Will we stand in the breach, or have we gone too soft after years of easy living? Will we offer our hands to those who are different from us? Are we willing to do the hard work of reconciliation or is it just easier to keep shouting and interrupting? Jesus stands in the gap for us, and calls us to do the same. How will you stand?

 

 

 

Meanderings on Comfort…

We used to jokingly call him King Henry The First. He died on the Sunday before Thanksgiving, a cat’s life, well lived.

I never felt right feeding birds while he was around; scattered bird seed was limited to very heavy snows when Henry was kept inside.

So in December I bought a small feeder, some suet and black sunflower seeds. I hung everything outside the mud room window where Henry had once liked to lurk in the bushes. It took the chickadees a few days; the juncos were next; and then a band of blue jays appeared and I knew we were in.

 

I stood at the window often in the early winter trying to get some good bird photos with my iPhone, but it made them nervous each time I moved, so eventually I gave up and just enjoyed watching them and keeping track of who visited. There was no Henry to hog the chair by the window, only the two humans who politely take turns…

 

Lately I’ve had time to stand quietly at the window again. Spring is here and the birds still seem delighted to be fed. Earlier this week I transplanted a dozen sunflower sprouts to a spot in the sun. Spring has come. Flowers are blooming. Fruit trees are starting to blossom. I have started seeds in eggshells and planted some peas and lettuces. The rhythms of nature have not changed, though the human world is now a discordant bang.  Or perhaps a better analogy is the door to the world we knew slammed shut.

Where is your comfort when so much has been taken away?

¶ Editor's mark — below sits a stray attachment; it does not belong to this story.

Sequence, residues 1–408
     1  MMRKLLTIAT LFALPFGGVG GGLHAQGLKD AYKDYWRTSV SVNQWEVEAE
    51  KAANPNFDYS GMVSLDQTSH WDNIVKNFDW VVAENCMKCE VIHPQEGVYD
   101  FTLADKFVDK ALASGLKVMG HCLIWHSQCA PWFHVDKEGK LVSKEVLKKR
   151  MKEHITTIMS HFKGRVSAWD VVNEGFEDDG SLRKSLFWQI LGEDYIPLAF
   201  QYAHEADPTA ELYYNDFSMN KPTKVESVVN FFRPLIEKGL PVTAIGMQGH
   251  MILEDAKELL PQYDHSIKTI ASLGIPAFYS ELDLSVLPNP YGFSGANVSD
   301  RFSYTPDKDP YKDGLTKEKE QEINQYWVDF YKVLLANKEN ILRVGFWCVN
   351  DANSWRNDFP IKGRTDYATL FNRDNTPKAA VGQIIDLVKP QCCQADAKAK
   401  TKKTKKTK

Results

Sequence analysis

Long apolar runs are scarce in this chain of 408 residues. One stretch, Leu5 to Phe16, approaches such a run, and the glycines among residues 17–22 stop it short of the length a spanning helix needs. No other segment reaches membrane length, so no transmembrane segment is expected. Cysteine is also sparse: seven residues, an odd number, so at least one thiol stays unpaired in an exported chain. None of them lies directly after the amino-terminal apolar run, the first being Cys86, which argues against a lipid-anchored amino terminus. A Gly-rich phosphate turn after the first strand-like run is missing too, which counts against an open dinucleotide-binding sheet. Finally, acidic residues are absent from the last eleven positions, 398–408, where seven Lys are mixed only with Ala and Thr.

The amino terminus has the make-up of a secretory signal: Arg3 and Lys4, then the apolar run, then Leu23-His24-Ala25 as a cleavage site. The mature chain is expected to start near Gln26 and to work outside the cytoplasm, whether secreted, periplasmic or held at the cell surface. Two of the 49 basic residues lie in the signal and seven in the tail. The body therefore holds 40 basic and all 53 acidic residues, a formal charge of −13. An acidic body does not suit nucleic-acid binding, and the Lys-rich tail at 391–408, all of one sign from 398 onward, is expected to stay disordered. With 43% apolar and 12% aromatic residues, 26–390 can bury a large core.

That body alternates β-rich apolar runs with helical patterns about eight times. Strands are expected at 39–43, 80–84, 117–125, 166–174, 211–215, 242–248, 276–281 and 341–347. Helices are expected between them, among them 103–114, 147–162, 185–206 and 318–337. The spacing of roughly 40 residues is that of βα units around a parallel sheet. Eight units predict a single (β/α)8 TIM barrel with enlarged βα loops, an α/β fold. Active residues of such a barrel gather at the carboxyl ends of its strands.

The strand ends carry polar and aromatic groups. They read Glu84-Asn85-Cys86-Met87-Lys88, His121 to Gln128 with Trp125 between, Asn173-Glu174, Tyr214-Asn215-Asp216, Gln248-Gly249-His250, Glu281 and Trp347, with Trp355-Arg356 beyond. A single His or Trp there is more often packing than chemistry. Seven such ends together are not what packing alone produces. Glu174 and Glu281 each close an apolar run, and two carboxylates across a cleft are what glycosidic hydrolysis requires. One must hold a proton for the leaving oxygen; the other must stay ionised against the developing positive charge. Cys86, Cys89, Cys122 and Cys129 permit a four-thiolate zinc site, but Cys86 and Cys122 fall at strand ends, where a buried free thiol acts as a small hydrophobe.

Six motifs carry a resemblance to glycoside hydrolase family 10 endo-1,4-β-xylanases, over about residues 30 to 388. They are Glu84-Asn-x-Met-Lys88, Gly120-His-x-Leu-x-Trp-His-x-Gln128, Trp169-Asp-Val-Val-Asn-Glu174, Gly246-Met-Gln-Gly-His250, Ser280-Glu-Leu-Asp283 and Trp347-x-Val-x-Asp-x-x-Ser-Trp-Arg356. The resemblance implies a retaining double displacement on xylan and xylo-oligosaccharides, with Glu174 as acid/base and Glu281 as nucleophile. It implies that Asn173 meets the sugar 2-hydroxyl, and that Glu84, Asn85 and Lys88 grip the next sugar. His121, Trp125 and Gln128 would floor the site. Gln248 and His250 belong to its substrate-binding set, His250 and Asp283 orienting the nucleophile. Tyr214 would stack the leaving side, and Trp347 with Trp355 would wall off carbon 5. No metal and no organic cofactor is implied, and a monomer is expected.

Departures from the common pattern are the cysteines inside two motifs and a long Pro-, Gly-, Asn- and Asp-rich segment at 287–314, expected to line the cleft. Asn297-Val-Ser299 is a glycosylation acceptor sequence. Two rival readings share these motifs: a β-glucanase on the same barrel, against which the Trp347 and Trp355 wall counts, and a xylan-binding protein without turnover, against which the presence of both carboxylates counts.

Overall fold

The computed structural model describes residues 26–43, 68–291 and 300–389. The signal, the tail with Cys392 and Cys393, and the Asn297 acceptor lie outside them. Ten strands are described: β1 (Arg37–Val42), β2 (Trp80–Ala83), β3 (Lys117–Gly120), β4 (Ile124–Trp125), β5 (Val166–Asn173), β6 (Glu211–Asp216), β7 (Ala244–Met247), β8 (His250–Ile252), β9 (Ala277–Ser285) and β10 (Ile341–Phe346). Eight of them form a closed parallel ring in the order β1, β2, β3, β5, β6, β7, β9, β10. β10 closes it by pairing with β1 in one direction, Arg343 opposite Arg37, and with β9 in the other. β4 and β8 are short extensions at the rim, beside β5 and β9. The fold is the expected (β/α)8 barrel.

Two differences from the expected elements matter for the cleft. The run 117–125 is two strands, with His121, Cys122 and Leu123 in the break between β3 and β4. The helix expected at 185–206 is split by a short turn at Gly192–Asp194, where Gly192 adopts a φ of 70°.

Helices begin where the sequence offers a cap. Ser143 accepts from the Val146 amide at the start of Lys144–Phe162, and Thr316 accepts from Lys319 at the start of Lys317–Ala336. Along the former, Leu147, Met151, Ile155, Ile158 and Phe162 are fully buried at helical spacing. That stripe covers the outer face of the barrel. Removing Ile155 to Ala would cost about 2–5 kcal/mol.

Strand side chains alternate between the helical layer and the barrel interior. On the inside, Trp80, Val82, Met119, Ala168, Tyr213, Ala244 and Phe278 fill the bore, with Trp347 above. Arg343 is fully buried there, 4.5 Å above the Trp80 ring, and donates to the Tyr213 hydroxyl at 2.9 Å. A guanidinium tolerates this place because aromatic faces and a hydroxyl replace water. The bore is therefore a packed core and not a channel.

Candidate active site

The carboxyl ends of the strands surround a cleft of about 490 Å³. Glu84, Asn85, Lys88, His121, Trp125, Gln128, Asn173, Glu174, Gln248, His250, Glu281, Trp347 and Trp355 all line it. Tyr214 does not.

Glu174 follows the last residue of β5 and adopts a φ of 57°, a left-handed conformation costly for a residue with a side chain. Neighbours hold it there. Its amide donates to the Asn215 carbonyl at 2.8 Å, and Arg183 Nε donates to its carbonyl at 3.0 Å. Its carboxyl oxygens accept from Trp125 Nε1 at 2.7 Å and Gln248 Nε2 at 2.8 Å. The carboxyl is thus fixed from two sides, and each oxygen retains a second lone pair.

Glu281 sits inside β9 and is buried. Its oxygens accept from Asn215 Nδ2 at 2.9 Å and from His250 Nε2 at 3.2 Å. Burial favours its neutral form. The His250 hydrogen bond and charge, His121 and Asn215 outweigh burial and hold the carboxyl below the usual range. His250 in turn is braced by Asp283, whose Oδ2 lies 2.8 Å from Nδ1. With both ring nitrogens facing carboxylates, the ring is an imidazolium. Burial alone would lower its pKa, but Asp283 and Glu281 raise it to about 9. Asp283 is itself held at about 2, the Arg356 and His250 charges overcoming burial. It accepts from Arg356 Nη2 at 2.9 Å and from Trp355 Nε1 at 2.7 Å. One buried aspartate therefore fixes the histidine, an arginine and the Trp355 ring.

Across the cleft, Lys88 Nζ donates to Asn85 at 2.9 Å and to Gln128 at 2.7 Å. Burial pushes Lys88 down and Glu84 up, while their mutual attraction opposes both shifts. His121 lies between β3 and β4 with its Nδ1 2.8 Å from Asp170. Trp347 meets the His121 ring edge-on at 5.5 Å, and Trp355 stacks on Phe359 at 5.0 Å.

Cat lounging on porch swing

My big physical comfort was Henry. There’s nothing like a warm cat cuddling on your lap, purring at you, touching your cheek with his gentle paw… We decided to not get another cat until we came back from our ten day Scotland vacation in June… Yeah, that’s gone too… And now I have no cat to physically comfort me, and no Scotland to look forward to. In the grand scheme of things, it’s not much; I know that. 

We all have lost our comfort-able-ness, haven’t we? Some of us have lost more than others, but we all can lament on what’s been taken from us. We can mourn (it’s okay to mourn our losses, no matter how small) and then we must find new ways to regain our comfort. (Just as an aside, I looked up ways, and the online definition is methods of reducing damage...) 

The word comfort made me pause the other day, as I considered where my comfort comes from…

And what came into my head were the words to one of the best loved praise songs ever written:

My comfort, my shelter,

tower of refuge and strength,

Let every breath, all that I am,

Never cease to worship you…

Shout to the Lord by Darlene Zesch.

If our comfort is in work, family, health, money, entertainment, friends, houses, skills? It’s all up in the air, isn’t it? On hold. That’s not to say, those aren’t good things, but they aren’t the best thing. Earthly treasures disappear. Quickly, as we have learned.

I don’t write about faith often. It’s a tricky thing, and one that I denied for much of my adult life. It’s an unseen, not-easy-to-prove way in our modern, rational world that needs proven science to be considered authentic.

Cat in window

But sometimes the mystery is what we need to cling to when other idols have turned to clay. (That’s a biblical metaphor, by the way…)